Does Your Voice Match Your Message? - a Holiday recipe for success
Posted on Wednesday, December 11, 2019
“If Music be the Food of Love, Sing On” – H. Heveningham adapted from William Shakespeare, Twelfth Night
It’s amazing what you can do with butter, flour, sugar and eggs. The combinations seem endless. Yet a different mixture of the same ingredients could be the difference between what gets eaten up or left on the table. Like food, music and speech are comprised of their own set of basic ingredients. Yet how they’re combined can turn someone off or on at the bar, or in a job interview.
Sleep, Sing or Fight?
In music, the composer creates a precise mixture of elements such as dynamics, tempo, key, range, and tone to set a mood and relay a certain message. Alter these and you change the message. Let’s take the tune to ‘Jingle Bells’. If we change the tempo and make it twice as slow, add more of a hushed tone and soften the volume, you could put the baby to sleep. But if we sing it twice as fast, raise the volume really loud, use a harsher tone and flatten out the melody (think The Ramones) you could start a bar-room brawl. Same song, different mix of ingredients = different outcome, because each mixture evokes a particular feeling in the listener.
Do you know what your voice is saying?
Speech works the same way, uses the same basic ingredients and receives the same affects. We might describe the ingredients this way; volume, tone, pitch, melody, and pace. A different mixture creates a different impression. If you’ve ever listened to a radio play you get an idea about which character is anxious and stressed out, who is the villain, is naive, takes themselves too seriously, is the salesman, or who is the friendly and trustworthy neighbor, all based on how the actors crafted their voices to give you that impression. They lead you in that direction. So figuring out what’s right for your message and your audience is a great idea.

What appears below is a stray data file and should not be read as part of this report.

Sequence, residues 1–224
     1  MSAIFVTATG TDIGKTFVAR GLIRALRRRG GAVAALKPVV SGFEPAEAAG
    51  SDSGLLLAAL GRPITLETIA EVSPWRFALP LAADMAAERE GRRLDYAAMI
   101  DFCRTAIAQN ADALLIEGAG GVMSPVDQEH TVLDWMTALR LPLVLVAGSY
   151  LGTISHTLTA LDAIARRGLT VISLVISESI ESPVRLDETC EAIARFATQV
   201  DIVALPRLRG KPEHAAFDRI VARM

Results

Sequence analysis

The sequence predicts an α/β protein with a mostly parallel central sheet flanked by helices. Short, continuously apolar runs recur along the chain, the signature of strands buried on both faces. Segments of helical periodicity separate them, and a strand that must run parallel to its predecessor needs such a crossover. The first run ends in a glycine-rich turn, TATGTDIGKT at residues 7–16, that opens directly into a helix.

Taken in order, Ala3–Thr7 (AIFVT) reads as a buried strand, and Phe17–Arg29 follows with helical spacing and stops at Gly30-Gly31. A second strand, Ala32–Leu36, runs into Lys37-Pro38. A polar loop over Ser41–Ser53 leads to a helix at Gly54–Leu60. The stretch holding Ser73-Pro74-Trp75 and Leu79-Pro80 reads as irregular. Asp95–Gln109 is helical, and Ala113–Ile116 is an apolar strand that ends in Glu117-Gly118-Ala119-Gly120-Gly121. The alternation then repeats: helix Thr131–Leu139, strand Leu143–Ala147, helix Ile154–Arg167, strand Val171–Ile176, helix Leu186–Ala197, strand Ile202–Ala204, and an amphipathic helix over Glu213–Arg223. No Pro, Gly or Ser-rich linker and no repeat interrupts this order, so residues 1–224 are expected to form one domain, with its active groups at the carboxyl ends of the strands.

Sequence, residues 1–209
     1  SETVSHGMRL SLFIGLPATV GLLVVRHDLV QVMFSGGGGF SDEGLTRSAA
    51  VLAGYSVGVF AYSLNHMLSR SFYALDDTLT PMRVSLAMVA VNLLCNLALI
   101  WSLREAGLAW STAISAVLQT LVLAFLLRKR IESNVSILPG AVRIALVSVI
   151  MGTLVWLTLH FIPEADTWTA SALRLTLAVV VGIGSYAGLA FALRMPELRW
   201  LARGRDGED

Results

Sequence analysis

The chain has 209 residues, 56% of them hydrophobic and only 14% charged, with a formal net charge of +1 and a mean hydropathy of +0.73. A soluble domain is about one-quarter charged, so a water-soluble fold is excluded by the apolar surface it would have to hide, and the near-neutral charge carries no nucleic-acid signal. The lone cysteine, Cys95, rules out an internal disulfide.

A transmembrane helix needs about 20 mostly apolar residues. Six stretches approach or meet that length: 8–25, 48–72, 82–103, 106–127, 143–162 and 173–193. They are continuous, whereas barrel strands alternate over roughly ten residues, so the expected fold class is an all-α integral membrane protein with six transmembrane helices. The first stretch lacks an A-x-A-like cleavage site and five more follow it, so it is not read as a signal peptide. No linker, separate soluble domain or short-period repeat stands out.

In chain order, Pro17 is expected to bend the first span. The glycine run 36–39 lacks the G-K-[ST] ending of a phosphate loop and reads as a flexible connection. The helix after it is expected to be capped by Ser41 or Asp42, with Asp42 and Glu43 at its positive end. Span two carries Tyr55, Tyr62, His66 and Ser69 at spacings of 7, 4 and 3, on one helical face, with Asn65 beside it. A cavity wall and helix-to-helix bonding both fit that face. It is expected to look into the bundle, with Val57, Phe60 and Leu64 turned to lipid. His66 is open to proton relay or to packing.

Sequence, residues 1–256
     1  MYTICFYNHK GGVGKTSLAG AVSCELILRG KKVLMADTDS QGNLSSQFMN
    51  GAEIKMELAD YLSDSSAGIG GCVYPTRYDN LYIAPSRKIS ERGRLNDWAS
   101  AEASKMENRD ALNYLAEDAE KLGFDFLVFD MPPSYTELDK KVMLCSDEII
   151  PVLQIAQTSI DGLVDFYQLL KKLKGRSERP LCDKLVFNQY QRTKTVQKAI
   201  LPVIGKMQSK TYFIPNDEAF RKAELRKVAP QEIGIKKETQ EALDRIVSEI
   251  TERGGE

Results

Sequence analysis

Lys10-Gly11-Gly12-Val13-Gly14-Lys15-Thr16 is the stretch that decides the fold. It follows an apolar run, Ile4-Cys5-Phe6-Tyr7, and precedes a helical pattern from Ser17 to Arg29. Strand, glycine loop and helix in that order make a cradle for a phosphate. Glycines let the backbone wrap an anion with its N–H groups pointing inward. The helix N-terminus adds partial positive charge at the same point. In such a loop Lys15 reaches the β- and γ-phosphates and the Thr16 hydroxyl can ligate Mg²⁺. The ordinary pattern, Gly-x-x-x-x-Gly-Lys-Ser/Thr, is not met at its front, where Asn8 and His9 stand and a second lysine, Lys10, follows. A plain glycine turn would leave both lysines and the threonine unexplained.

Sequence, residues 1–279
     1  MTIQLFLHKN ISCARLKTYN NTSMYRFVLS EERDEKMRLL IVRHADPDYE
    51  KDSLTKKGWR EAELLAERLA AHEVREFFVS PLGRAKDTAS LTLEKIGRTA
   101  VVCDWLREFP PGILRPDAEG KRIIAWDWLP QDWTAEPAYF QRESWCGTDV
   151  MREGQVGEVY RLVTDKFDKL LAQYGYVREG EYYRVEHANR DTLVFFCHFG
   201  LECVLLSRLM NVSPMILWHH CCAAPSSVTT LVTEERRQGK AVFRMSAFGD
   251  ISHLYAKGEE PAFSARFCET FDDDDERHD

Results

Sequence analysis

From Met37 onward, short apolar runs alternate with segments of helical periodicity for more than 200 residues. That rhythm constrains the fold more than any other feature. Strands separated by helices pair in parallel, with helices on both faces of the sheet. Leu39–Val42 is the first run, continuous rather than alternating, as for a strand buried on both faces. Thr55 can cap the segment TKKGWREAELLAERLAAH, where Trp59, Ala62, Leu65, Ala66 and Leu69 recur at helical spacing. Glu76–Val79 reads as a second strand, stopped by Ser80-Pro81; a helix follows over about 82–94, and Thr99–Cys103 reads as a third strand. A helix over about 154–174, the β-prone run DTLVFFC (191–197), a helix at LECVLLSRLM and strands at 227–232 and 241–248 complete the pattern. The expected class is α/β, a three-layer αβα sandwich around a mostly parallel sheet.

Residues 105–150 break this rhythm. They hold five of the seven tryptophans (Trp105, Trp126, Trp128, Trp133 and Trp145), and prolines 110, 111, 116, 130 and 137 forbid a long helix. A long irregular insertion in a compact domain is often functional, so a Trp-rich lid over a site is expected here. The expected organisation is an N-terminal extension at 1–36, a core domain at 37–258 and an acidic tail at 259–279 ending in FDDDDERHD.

Bitter Sadness or Sweet Success?
Managing people’s money? On a scale of 1-10 and depending upon where your baseline is, you may want to slow your pace a bit (4-5) so the client doesn’t feel pressured, and pitch in the upper middle (5-6) so that you don’t sound dispassionate if pitched too low, or desperate and inexperienced if pitched too high. Going for a job as a creative director? More melody and a faster pace (7-8) will probably work for you so that you come across as enthusiastic, confident, full of creative ideas and sharp-minded. Working in the healing arts? A warm tone with a decent amount of melody (6-7) and slightly slower pacing (4-5) could create a calm and trusting environment.
Your voice is your signature in sound. It represents you and gives us a sense of who you are. Taking the time to create the right mix of musical ingredients for your message and audience could very well produce oh-so-sweet results.
Wishing you and yours very Happy Holidays and a New Year filled with love, peace and sweet success.
Tip – Write down all the words that describe the expectations of your audience and what you need to demonstrate. Think about how the various speech elements can help you reach your goal. Tape yourself and play it back. Experiment until what you hear matches what you need to demonstrate – or get a coach to help you!